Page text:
This should be the approach to oil and gas production everywhere. In fact, technology developed in the north is also being used in other parts of the world.

The way in which we meet the energy demand of the future must survive the judgement of the generations of the future.    

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This judgement will also depend on our ability to preserve the Arctic as a region of good neighbours and respect for the rules of the game.

The peace and stability that characterise the Arctic is not least due to a modern and comprehensive approach to security policy.

For Norway’s part, our NATO membership has compensated for the lack of symmetry between Norway and its larger neighbour, Russia.

It has made it easier to cooperate with Moscow.

Having a robust and predictable defence does not prevent cooperation – it enables it.

But in addition to security policy in the classical sense, stability in the Arctic is also based on cross-border cooperation and a whole range of other factors.

The commitment of Norway, Canada, Russia, Denmark and the US to the Law of the Sea is preventing a race for resources.

Overlapping claims to the continental shelf in the Arctic Ocean will be settled within the established legal framework.

Clear borders make cooperation easier, and conflict less likely.

This highlights the crucial importance of international law for peace, stability and economic growth.

And it is a good example of the way in which adherence to agreed principles benefit small countries and great powers alike. 

In other regions of the world too, all parties to maritime and other territorial disputes should see that it is in their interest to follow the Arctic example.  

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In addition to a legal framework that all Arctic stakeholders adhere to, we also depend on well-functioning political institutions to address Arctic issues.

The Arctic Council, which has been strengthened in recent years, is crucial in this respect.

The Council produces groundbreaking reports on the Arctic. Its extensive work on climate change has been particularly important.

New challenges, such as oil pollution and the need for search and rescue cooperation, have been met through the conclusion of legally binding agreements between the Arctic states.

At a time where political contacts between Russia and European countries have been reduced, cooperation in the Arctic Council is even more important.

The Arctic states have shown that they are able to find new solutions in response to new challenges.

As emerging economies in Asia seek to develop similar structures of regional cooperation to those that have served European peace and prosperity so well, they are looking not only to the EU, but also to the Arctic Council.

In line with our national effort to boost economic growth in the north, we welcome the establishment of the Arctic Economic Council.

The opportunities in the Arctic are so much more than oil and gas.

In North Norway, there is considerable potential in the maritime sector, the seafood industry, the mineral industry, tourism and space technology, and many other areas.

Let me give you a concrete example.

I recently visited a company called ArcticZymes in Tromsø.

ArcticZymes has become a million dollar business after having discovered how to exploit by-products from local shrimp factories, by identifying new enzymes for use in molecular research, diagnostics, and manufacturing.

Our aim is to make the north one of the most innovative regions of Norway, promoting growth and prosperity based on knowledge and science.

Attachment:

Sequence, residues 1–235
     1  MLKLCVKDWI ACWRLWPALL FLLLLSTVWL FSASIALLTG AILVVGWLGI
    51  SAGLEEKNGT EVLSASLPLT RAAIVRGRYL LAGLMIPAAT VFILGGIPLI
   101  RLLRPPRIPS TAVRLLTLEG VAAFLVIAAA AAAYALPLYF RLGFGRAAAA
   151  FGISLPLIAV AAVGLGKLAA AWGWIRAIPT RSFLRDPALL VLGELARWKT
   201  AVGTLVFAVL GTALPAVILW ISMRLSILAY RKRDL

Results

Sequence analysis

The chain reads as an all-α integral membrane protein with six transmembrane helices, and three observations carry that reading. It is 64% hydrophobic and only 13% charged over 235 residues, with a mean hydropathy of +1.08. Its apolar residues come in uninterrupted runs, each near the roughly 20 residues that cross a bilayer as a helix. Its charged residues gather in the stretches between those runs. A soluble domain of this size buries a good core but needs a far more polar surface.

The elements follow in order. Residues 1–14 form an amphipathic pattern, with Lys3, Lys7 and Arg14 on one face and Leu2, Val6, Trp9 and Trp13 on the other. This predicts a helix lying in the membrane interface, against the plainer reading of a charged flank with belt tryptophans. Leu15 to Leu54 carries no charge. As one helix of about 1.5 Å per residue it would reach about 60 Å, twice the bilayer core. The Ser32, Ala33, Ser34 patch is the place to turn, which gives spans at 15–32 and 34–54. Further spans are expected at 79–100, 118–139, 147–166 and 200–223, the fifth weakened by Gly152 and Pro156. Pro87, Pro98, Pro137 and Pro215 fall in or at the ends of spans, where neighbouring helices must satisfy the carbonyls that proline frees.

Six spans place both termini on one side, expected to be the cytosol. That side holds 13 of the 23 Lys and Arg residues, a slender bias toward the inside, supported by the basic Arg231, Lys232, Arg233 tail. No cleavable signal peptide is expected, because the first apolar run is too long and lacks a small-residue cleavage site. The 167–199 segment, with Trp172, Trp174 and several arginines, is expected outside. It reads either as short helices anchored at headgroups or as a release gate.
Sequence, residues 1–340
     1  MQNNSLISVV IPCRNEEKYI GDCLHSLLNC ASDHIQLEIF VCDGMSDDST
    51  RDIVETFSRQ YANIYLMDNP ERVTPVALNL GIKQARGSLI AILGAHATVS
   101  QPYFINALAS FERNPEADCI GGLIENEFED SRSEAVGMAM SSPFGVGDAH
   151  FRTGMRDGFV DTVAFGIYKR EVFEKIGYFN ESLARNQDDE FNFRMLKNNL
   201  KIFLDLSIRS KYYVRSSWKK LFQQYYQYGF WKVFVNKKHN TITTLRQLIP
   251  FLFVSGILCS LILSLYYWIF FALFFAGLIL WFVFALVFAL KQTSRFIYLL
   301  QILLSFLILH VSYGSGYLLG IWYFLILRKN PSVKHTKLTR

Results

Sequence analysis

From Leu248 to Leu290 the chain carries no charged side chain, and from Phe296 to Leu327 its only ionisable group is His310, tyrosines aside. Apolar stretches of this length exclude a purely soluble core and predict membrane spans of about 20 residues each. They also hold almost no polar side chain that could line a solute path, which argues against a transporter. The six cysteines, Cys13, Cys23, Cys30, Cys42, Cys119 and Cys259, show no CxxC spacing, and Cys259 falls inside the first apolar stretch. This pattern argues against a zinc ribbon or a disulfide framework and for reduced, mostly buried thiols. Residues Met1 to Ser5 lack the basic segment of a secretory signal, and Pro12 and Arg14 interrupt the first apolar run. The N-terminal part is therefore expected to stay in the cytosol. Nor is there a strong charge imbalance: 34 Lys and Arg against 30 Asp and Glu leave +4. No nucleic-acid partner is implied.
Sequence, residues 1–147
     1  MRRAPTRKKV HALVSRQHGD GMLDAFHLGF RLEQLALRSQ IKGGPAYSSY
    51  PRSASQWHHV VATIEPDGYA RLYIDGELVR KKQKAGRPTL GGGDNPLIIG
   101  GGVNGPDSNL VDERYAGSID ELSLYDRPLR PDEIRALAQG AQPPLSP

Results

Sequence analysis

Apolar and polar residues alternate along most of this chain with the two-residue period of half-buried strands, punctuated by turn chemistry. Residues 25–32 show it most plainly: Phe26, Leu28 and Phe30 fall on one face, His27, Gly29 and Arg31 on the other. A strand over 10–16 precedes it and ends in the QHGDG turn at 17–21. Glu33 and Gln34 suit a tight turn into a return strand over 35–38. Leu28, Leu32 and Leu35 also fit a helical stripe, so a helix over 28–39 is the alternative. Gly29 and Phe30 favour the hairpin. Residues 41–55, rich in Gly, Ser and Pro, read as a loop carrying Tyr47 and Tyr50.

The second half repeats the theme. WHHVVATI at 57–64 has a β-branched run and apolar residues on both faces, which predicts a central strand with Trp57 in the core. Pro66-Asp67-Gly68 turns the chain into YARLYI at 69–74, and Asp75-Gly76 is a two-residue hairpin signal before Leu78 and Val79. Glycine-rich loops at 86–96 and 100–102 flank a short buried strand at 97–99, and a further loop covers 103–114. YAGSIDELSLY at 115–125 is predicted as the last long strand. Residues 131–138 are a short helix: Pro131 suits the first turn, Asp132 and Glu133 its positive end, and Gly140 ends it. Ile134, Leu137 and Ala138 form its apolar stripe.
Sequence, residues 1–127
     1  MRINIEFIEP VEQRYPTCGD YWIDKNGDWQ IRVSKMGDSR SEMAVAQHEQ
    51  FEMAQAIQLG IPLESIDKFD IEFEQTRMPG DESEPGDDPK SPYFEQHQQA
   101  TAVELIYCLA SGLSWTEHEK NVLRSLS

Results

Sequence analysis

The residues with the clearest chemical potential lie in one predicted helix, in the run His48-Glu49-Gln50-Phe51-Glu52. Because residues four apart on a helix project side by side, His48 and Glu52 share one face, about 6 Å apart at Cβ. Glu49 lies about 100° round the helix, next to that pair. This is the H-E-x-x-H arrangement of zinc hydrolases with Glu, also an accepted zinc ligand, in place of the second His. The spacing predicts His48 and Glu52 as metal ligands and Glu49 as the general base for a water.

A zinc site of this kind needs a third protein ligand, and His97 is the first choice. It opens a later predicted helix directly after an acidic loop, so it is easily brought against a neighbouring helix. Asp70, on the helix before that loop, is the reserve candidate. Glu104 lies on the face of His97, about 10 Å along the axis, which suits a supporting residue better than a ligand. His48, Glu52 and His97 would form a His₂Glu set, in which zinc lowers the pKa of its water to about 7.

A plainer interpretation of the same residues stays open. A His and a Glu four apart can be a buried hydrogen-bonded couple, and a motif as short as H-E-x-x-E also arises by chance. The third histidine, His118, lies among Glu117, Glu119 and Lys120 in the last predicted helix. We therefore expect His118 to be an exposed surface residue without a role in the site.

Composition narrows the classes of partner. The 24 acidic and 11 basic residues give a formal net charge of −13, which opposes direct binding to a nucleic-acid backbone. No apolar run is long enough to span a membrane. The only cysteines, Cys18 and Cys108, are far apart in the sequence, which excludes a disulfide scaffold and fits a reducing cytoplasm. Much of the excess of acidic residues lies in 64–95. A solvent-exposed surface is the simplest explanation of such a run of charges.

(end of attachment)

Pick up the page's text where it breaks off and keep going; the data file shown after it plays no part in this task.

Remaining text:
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Norway has a long history of constructive neighbourly cooperation with the biggest Arctic state – Russia.

On a number of issues, we have been able to find common ground – even in difficult times.  

Already during the Cold War, scientists and diplomats from Norway and Russia were working together to settle fish quotas that were sustainable.

We were thus able to prevent the depletion of fish stocks that has been seen in so many other waters. As a result, the Barents Sea is teeming with cod today.

In 2013, the cod quota reached an all-time record of 1 million tonnes. Once again, the wisdom of listening to scientists is proven.

However, we cannot ignore the fact that we are facing a new security landscape in Europe.

Russia’s violations of international law in Ukraine have unavoidably affected our bilateral relations.

Norway has implemented restrictive measures against Russia that are identical to those of the EU.

We have also suspended our military cooperation and scaled down political contact in a number of areas.

International law is the foundation for peace and prosperity – and we cannot afford to compromise when its very pillars are being rocked.    

It is in our interest to maintain constructive relations with Russia – but the responsibility for improving the current situation rests with Moscow.  

As neighbours and Arctic coastal states, Norway and Russia have many challenges in common.

We thus continue our cooperation in crucial areas such as management of joint fish stocks, environmental protection, nuclear safety, search and rescue, maritime safety, and Coast Guard and Border Guard activities.

We also wish to continue cooperation with Russia in the Arctic Council and other regional forums.  

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Ladies and gentlemen,

The Arctic states have worked together on managing resources, creating jobs, preventing accidents and combatting climate change.

As we move forward, we must continue to be guided by knowledge, cooperation and respect for universal principles.

As we recently have seen, we cannot take continued progress for granted. Hard work and longterm commitment are required.

The modern Arctic adventure is just beginning.

The Arctic is a region of challenges, opportunities and solutions – solutions that can be an inspiration for other regions.

It is of global importance that the Arctic also remains a region of peaceful cooperation, respect for international law and sustainable management of resources. 

Norway will continue to be a responsible actor and partner in the Arctic.

We are taking the challenges and the opportunities seriously, and we are aiming to preserve and strengthen the solutions that have served us so well.